COMES THE JUDGE
can't complain. No, I mean I really can't complain.
Being a professional food writer is a dream job for
any foodie. Moaning about what a hard life it is just
isn't on. But the work has its downsides, just like
any profession. Punishing deadlines, long hours and
weekends chained to the desk being a few. At times it
can be a lonely existence with just an accusingly blank
Word document and some old punk tunes on Last.fm for
the odd extraordinary day makes impending RSI and terminal
middle aged paunch seem worthwhile. Take Thursday for
example. Things started out mundanely enough with urgent
emails still unanswered and a dull, repetitive writing
task to complete. There was no time for lunch before
a dash for a midday train from Brighton to Kensington
Olympia for the Great Taste awards.
to my surprise and delight, I had been asked to be one
of sixteen judges who would decide which British food
product out of 4,500 contenders would be named supreme
champion 2007. Luckily, the field had been narrowed
down by several thousand in prior judging sessions to
just thirty three finalists. And that's how I found
myself tasting pork pies with a rock star.
bass player turned farmer and cheese maker was among
my fellow judges, who also included restaurant critic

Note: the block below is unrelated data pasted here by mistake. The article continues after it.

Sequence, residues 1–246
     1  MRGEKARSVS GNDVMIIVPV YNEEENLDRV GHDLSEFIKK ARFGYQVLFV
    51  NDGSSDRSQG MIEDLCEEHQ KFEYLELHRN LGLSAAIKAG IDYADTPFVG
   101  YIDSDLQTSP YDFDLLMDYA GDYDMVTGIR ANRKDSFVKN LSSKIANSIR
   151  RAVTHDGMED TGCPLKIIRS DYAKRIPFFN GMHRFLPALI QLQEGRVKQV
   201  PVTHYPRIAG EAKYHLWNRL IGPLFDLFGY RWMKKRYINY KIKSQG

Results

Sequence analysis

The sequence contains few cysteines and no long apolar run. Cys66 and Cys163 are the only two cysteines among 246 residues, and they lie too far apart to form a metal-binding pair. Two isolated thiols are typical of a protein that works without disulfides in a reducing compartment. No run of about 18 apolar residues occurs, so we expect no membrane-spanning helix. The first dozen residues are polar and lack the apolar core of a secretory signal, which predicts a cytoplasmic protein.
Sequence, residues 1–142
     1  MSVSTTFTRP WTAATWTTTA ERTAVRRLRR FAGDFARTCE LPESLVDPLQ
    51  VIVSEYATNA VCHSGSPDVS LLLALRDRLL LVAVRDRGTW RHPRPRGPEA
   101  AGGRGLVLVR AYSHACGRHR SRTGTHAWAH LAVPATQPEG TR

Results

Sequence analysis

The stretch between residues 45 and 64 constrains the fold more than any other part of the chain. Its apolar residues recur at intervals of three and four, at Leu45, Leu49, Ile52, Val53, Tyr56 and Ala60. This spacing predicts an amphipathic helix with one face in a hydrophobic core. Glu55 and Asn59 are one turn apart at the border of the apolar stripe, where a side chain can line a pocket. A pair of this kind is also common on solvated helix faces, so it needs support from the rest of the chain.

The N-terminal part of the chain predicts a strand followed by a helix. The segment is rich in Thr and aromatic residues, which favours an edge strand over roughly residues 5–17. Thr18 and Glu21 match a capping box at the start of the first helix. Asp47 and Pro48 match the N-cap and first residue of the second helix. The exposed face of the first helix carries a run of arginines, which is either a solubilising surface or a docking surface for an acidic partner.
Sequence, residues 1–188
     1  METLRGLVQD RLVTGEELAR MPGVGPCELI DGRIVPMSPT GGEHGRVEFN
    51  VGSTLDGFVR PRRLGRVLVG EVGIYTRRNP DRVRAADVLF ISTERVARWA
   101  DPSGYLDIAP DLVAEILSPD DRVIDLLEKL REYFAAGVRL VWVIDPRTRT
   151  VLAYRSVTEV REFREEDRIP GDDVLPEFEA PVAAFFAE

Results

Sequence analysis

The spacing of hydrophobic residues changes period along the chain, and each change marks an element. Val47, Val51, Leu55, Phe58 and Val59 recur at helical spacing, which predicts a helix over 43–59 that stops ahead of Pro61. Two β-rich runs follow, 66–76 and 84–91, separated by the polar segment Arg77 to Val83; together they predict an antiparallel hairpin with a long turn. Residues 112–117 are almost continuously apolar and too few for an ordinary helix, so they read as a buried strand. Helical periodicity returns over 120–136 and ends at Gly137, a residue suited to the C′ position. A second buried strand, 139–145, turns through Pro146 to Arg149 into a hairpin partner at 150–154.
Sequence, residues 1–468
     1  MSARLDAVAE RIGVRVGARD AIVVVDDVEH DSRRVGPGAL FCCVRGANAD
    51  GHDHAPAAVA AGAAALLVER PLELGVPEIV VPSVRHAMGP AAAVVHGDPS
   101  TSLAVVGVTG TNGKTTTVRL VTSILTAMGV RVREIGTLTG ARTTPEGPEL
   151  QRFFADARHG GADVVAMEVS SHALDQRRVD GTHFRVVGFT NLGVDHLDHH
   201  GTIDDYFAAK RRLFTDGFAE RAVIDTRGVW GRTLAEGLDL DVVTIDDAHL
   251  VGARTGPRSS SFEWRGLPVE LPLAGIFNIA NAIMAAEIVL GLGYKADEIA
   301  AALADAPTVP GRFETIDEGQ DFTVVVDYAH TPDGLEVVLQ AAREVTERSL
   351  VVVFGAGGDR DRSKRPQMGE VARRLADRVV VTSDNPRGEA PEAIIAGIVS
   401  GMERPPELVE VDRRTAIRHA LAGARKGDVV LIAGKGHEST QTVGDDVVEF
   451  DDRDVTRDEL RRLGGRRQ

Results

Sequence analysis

Charles Campion, editor of Delicious magazine Matthew
Drennan and Journalist Lydia Slater. I'll happily admit
to feeling somewhat out of my league. The fact that
it was the first time I had ever been asked to judge
anything only added to my nerves.
as soon as we got down to the job in hand, my confidence
was restored. I sniffed, chewed, appraised and decided.
Like so much in life, balance was the key. We were looking
for products that weren't too salty, oily, sweet or
sour. We didn't want over powering flavours, but they
had to be intense and focused enough to make a lingering
impression. We wanted an accurate hand with the spices,
a sophisticated palate when it came to blending and
a skilled and deft pair of hands in the kitchen for
the cooked products.
didn't agree with all the decisions made, but in the
end, the winners virtually chose themselves. You could
almost taste in them the care, attention and innate
understanding that the producers had put into them.
Judging one product against another was a serious business,
but it was also hugely pleasurable. I can't remember
the last time I laughed so much on a Thursday afternoon.
probably wondering what the winner was. I've avoided
making any specific references to any of the products
we tasted because that has to remain a secret until
all the one, two and three star winners along with the
supreme champion are revealed at the Great Taste Awards
showcase at the Speciality & Fine Food Fair London,
from 2 - 4 September. Watch this space.